Algeria’s electoral farce of December 12, in which citizens were asked to select one of five presidential candidates approved by the military, has done nothing to diminish the government crackdown on democratic civil society, including the independent trade unions. Algerians fighting for freedom of association now face a double dose of repression. They are targeted as trade unionists challenging the state-controlled union federation UGTA, and under attack for the role they have played in driving and sustaining the democracy movement which erupted last spring.
In May of last year, the ILO, following a high-level mission to Algeria, called on the government to take immediate steps to end the persecution of independent union leaders and members, register their organizations and reinstate all those dismissed for their trade union membership and activities. The response has been more of the same.
Raouf Mellal, president of the IUF-affiliates SNATEG as well as the confederation COSYFOP, continues to face new punitive charges, most recently a defamation lawsuit filed against him by the Minister of Labour in retaliation for complaints against the government at the ILO.
In December, the authorities sealed the headquarters of the IUF-affiliated SNAPAP in Algiers, which also serves as the headquarters of the national center CGATA. Union offices are under 24-hour police surveillance.
Keddour Chouicha, president of the independent union of university lecturers SES, member of the executive committee of CGATA and representative on the governing body of the ITUC, was arrested and immediately sentenced to one year’s imprisonment on December 10 – International Human Rights Day – for criticizing the military and civil authorities. Provisionally released after one month, he was rearrested on January 15. Chouicha is vice president of the Algerian League for the Defense of Human Rights and president of its Oran section.
Brahim Douadji, general secretary of the independent union confederation OSATA, was arrested on October 10 on similar charges and remains in prison. He was arrested together with his 3-year-old son, who was only released after lawyers intervened.
Rym Kadri, who coordinates the activities of the COSYFOP-affiliated education workers, was arrested on November 24 for her participation in a sit-in demanding the release of political prisoners. Released after 4 days, she remains subject to strict legal and police controls.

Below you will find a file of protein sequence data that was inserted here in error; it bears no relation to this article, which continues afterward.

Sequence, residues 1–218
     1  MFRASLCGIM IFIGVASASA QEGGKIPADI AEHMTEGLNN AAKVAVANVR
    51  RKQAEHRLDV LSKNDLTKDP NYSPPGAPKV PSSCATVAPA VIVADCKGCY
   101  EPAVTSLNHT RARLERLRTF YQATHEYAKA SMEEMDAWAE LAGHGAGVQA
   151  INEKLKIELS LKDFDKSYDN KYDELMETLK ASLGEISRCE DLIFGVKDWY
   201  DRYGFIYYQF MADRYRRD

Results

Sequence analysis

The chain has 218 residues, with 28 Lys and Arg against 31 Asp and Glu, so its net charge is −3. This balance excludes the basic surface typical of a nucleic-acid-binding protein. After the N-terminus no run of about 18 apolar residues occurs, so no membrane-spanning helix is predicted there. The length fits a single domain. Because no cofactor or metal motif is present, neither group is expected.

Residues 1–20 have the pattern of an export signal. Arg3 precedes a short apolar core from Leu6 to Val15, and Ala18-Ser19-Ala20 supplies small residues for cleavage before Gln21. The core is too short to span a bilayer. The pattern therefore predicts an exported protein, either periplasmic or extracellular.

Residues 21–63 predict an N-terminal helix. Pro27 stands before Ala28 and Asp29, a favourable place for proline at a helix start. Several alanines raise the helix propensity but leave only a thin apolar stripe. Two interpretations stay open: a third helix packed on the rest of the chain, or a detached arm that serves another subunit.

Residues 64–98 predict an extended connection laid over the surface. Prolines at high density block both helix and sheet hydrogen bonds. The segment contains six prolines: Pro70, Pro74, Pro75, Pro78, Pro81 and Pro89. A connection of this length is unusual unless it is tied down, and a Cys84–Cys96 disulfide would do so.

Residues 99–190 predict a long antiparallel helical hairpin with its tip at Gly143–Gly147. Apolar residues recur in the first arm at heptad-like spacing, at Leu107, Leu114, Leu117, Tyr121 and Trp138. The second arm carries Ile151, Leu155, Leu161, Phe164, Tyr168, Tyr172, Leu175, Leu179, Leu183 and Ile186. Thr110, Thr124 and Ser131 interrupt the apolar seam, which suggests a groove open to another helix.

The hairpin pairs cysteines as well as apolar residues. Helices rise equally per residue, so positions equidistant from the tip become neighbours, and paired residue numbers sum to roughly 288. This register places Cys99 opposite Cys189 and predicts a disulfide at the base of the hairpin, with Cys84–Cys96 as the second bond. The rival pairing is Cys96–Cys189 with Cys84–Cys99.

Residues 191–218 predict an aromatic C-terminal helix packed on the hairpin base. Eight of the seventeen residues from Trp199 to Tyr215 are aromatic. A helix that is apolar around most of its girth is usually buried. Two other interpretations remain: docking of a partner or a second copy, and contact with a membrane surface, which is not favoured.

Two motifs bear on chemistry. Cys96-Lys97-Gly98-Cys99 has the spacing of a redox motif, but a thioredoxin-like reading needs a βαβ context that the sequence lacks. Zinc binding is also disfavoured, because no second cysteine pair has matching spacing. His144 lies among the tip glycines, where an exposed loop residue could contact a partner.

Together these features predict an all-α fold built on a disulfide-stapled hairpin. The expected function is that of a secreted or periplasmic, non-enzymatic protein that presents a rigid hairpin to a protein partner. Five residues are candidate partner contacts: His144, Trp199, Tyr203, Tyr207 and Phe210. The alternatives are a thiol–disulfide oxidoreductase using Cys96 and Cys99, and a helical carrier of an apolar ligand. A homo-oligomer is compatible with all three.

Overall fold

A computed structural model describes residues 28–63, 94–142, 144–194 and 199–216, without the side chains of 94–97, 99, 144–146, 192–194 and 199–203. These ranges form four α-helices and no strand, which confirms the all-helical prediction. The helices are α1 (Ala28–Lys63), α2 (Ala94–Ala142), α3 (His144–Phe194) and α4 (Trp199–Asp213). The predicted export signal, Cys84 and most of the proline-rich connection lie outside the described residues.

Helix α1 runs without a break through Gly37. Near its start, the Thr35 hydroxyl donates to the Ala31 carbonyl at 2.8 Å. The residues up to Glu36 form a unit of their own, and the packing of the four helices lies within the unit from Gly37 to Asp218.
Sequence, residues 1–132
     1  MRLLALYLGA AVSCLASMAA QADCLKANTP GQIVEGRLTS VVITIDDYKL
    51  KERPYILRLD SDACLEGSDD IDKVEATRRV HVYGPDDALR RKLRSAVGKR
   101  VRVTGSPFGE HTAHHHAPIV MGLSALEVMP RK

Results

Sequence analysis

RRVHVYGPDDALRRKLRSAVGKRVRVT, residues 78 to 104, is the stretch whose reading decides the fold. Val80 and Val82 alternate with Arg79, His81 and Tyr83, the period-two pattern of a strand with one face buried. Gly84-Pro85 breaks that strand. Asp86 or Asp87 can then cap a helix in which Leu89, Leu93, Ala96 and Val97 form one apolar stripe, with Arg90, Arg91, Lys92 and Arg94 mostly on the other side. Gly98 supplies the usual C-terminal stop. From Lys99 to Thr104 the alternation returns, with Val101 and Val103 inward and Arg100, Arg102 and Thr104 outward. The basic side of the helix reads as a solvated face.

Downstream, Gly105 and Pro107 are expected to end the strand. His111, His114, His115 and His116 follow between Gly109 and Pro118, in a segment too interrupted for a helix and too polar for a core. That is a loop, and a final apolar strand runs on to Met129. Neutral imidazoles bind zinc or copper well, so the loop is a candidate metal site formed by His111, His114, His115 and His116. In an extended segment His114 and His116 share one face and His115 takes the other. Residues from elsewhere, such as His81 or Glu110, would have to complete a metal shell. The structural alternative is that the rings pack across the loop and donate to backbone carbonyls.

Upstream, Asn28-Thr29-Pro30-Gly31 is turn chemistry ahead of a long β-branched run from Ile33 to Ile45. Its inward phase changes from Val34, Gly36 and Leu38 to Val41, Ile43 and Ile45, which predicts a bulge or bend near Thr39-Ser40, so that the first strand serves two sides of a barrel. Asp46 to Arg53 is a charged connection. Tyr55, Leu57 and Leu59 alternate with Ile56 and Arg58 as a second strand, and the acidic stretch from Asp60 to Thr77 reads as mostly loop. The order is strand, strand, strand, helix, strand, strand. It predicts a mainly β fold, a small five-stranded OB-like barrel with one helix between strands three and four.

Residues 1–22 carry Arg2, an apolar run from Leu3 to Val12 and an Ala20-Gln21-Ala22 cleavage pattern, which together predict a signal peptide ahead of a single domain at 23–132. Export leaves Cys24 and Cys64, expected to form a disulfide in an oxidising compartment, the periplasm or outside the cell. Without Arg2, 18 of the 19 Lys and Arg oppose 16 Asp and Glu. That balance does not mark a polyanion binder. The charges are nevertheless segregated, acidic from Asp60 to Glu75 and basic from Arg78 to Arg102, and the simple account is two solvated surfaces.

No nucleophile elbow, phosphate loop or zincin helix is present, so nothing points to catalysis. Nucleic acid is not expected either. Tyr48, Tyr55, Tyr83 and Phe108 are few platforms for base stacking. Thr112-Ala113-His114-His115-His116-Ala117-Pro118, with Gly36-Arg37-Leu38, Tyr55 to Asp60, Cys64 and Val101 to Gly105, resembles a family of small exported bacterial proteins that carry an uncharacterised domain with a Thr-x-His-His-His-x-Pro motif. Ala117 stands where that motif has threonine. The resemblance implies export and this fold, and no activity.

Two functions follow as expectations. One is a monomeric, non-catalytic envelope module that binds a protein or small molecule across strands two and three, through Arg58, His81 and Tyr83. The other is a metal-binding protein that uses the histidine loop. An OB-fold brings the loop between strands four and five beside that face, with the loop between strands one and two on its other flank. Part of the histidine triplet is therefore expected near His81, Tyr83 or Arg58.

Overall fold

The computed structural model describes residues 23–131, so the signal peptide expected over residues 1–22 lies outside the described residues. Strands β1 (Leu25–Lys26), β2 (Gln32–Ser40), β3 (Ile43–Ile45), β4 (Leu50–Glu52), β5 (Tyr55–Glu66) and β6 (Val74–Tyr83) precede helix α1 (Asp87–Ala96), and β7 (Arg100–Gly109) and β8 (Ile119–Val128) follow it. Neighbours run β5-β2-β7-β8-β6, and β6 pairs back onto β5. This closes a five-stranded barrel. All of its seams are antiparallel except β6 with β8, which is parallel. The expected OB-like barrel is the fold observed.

Hamza Kherroubi, president of the COSYFOP-affiliated union of nurses’ assistants, was arrested on December for his support for the general strike called by COSYFOP beginning December 8, charged with ‘incitement’ and sentenced to a year in prison. Provisionally released due to his medical condition, he was summonsed to meet the police on January 13 and has gone into hiding.
Algerian rights defenders have documented the cases of hundreds of civic and political activists known to be in detention for having joined peaceful demonstrations or for criticizing the government on social media, including the young student activist Nour El Houda Oggadi, imprisoned since December 19. The actual figure is considerably higher. Virtually no information is allowed to escape from the south of the country, and freedom of movement is severely restricted everywhere. Farcical legal proceedings are carried out in absentia; those found guilty are often informed of the sentences only at the moment of arrest.
Trade union and democracy activists not yet behind bars or subject to strict police supervision are at imminent risk of being arrested and tortured as the authorities seek to destroy a movement of millions. Many-sided international support – from unions, human rights defenders, governments – is needed now, more than ever, to ensure the movement survives and succeeds. And transnational companies active in Algeria – and there are many – need to be called to order and reminded that they are invested in, and complicit with, a squalid authoritarian regime whose human rights violations multiply on a daily basis.
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